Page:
After Yanny and Laurel, a new audio illusion is dividing the internet. This time, it was taken from a 2014 YouTube review of a children’s toy. The toy is saying ‘brainstorm’, but many people are saying they can also hear ‘green needle’, depending on which word they concentrate on before hearing the sound. What do you hear?

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Publish all Vote Leave’s data, campaign chief challenges Facebook

Dominic Cummings says move would prove campaign did not use data gathered improperly by Cambridge Analytica

The chief strategist of Vote Leave has called on Facebook to publish all the data it holds on his Brexit campaign group, challenging the social network to adopt a policy of radical transparency on the impact of targeted online adverts during the EU referendum.

Dominic Cummings said he “wouldn’t mind if Facebook wanted to take ALL of Vote Leave’s Facebook data” and put “the whole lot on its website available for download by anybody”.

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The crypto-future is female: bitcoin innovators push for inclusion

At the world’s largest blockchain conference, female leaders in the industry sought to shake off bitcoin’s boyish image

“Satoshi is female” was one of the more pervasive slogans at Consensus 2018, the world’s largest blockchain conference that saw thousands of crypto-believers descend on midtown New York for a packed, three-day meet-and-greet last week.

Satoshi refers to Satoshi Nakamoto, the still mysterious creator of Bitcoin who has never been identified but who, nonetheless, is credited as the founding father of cryptocurrency, or a digital form of money, and blockchain, a public and uneditable system for recording transactions. Both developments are hailed by their evangelists as potentially revolutionary technological tools.

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Revealed: Storyful uses tool to monitor what reporters watch

News Corp subsidiary’s news verification plugin also used to monitor users’ social media browsing

Software developed by a subsidiary of Rupert Murdoch’s News Corp to help journalists verify content on social media is also being used to monitor the videos and images viewed by reporters who use the tool.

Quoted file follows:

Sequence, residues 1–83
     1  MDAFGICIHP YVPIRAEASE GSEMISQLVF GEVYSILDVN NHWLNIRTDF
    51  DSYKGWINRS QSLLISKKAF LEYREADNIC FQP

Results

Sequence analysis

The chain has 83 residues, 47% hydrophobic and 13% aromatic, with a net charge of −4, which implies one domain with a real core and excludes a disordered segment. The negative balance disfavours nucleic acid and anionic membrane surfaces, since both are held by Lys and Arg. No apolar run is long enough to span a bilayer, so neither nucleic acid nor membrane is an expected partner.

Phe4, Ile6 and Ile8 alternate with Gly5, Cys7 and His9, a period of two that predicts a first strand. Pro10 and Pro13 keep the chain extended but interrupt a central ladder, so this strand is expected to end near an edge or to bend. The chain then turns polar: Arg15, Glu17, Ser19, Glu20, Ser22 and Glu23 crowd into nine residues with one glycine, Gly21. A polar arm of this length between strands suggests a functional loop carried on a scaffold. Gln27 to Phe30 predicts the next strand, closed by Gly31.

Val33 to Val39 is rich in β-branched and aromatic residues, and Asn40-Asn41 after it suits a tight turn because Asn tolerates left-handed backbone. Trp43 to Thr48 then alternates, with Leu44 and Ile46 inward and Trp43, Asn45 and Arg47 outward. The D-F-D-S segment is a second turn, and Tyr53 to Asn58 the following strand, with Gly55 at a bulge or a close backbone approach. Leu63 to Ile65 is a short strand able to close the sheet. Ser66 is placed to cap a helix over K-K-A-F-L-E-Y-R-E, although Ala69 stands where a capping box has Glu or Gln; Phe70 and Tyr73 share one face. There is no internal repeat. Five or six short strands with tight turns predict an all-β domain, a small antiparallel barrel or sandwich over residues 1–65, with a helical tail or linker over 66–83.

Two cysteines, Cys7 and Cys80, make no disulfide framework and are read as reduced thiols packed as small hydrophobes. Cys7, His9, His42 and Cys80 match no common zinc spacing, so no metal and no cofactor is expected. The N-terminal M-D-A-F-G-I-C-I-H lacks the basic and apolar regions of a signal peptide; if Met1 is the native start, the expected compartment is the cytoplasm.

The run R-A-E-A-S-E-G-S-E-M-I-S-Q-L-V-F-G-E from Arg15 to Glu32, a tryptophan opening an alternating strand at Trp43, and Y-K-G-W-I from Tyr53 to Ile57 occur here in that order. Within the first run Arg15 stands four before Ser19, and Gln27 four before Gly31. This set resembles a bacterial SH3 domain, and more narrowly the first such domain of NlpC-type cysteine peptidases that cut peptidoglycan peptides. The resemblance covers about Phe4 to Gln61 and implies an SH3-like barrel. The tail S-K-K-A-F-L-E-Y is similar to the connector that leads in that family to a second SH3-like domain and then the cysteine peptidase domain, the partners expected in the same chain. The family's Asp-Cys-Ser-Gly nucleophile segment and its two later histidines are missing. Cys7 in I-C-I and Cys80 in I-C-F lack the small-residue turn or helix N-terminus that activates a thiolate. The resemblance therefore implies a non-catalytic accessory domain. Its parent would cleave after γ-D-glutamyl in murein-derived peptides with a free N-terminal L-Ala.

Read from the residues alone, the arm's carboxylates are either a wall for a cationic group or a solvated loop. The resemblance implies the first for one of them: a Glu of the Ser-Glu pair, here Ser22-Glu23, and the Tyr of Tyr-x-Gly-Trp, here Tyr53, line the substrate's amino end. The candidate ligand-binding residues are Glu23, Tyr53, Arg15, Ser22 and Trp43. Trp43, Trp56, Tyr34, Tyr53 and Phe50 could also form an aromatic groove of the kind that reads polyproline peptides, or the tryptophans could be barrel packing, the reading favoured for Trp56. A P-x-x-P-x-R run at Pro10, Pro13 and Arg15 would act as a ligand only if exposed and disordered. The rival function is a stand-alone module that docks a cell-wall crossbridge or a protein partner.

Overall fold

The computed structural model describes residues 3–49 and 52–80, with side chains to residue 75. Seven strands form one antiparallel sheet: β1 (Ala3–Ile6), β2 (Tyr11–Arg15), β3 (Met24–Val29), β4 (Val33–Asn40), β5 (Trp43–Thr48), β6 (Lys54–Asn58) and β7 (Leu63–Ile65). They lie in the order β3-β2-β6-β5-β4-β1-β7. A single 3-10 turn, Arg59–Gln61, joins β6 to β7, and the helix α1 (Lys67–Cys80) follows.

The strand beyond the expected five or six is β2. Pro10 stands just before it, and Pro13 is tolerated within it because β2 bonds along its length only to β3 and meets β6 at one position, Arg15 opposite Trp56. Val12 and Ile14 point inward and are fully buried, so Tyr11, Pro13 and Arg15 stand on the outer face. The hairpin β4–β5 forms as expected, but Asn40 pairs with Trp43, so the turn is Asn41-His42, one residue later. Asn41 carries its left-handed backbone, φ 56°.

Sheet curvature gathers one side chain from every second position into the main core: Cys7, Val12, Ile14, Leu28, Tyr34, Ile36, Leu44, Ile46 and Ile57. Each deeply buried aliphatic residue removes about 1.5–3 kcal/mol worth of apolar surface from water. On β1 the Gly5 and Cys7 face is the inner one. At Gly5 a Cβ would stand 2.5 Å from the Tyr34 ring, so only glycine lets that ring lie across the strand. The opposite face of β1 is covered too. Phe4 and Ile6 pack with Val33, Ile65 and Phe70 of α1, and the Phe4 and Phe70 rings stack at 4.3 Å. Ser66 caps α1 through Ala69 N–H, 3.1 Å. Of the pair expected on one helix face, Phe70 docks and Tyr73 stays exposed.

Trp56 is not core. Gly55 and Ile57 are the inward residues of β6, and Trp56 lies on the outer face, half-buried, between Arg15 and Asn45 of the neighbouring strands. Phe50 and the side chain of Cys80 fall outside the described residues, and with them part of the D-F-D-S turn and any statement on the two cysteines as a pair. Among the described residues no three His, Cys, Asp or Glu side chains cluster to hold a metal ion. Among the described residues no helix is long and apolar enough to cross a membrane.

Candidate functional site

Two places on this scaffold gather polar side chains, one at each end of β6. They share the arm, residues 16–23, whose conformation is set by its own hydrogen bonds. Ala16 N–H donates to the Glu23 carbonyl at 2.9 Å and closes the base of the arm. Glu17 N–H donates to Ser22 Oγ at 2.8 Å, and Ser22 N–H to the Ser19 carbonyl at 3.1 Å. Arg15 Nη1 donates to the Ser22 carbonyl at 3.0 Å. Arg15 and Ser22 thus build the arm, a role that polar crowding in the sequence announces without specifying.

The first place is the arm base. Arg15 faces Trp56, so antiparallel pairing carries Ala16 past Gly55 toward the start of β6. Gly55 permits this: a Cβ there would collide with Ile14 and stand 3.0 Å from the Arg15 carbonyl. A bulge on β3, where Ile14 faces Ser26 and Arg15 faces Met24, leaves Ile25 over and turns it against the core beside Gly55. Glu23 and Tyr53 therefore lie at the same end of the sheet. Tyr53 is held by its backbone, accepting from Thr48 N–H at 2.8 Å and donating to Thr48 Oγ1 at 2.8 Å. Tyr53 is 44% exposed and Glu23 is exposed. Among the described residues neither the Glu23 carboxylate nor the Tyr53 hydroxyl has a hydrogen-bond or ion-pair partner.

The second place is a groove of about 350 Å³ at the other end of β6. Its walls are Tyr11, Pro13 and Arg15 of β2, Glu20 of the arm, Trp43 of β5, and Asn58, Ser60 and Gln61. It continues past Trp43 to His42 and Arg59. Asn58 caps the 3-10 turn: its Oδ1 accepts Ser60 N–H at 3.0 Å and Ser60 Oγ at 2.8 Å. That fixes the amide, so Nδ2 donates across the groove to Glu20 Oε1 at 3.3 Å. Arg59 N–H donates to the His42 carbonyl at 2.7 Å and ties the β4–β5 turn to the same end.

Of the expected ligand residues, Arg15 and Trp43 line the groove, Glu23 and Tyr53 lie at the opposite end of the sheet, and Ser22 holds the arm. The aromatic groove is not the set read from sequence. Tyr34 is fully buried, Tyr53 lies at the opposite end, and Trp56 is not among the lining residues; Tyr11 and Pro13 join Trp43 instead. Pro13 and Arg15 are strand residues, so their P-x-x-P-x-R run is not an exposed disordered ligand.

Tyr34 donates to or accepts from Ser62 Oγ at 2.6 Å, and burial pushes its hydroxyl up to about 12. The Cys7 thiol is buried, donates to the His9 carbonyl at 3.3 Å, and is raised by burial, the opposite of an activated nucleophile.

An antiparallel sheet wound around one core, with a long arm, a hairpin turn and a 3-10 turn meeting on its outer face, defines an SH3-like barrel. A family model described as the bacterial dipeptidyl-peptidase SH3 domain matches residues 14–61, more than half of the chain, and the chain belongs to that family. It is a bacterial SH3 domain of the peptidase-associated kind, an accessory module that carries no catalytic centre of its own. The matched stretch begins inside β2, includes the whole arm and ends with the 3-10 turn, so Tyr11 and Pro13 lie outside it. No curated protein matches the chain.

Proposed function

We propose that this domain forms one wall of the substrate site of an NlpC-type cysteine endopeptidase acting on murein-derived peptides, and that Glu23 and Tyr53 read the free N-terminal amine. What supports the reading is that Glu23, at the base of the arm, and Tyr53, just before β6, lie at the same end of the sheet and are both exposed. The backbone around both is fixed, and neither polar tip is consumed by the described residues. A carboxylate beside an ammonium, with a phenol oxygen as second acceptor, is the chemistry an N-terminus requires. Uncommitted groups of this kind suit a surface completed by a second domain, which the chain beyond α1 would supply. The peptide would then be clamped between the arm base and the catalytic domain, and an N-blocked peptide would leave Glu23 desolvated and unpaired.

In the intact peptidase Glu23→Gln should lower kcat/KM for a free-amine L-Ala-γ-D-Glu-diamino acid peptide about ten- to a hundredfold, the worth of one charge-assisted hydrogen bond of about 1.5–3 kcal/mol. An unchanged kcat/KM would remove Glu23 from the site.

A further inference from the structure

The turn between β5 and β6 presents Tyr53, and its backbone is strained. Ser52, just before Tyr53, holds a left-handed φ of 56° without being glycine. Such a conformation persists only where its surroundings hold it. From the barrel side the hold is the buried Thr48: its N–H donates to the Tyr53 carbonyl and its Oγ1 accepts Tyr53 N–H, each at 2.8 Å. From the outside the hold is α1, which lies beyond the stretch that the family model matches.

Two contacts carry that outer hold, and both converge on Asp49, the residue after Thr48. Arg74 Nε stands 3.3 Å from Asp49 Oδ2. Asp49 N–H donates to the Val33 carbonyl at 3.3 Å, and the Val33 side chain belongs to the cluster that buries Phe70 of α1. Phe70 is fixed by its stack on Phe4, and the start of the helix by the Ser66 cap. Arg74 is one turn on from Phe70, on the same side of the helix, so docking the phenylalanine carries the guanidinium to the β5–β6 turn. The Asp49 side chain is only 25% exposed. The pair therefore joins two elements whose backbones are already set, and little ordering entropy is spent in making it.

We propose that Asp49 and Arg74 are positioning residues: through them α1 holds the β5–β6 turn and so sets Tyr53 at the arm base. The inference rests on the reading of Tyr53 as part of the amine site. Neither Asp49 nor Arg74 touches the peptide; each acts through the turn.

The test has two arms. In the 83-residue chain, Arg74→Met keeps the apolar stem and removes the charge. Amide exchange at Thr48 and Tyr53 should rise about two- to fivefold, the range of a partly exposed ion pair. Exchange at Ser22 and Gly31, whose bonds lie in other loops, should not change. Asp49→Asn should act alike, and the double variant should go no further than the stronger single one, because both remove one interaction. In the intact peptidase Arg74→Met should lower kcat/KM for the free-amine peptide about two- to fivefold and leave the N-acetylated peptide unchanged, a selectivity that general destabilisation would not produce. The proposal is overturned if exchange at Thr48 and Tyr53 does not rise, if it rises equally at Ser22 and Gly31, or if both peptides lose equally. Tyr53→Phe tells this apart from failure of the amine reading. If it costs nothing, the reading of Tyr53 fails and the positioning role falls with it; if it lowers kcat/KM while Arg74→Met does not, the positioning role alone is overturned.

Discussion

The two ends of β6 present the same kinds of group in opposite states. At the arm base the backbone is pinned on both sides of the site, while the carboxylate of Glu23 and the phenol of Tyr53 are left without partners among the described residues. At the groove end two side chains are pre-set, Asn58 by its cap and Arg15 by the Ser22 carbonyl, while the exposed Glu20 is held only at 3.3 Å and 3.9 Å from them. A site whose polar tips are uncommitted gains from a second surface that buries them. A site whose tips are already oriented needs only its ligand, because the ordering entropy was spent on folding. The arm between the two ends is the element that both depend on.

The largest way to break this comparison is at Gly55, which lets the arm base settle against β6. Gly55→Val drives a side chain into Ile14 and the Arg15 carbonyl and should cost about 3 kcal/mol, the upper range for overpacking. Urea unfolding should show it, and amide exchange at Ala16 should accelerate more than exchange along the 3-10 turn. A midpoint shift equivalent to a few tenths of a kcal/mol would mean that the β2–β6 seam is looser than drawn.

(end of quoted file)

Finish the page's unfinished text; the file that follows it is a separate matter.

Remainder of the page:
The technology was built by Storyful, an agency that finds, verifies and licenses newsworthy or viral social media content on behalf of media organisations, including the New York Times, the Washington Post and ABC News in the US, and News Corp’s own publications and the public broadcaster the ABC in Australia.

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How can I stop an unexpected Windows 10 update?

Celia’s working day was almost ruined after she was caught out by an enforced update. Can she stop it happening again?

Yesterday, I intended to take my laptop to visit a client, but when I was about to set off, yup, I couldn’t turn it off without allowing Microsoft to do its upgrades. We all know how long that takes, and I had a train to catch, so I ended up having to wing the whole presentation.

The infuriating thing is that I knew there was an upgrade around, so I had checked the power settings that morning to see if one was waiting to be installed. There was no update at 9am. Somehow Microsoft snuck it in without my noticing.

It’s easy to be caught out by Windows updates, and I once left the house carrying an open laptop, confident that the update would finish long before the battery ran down.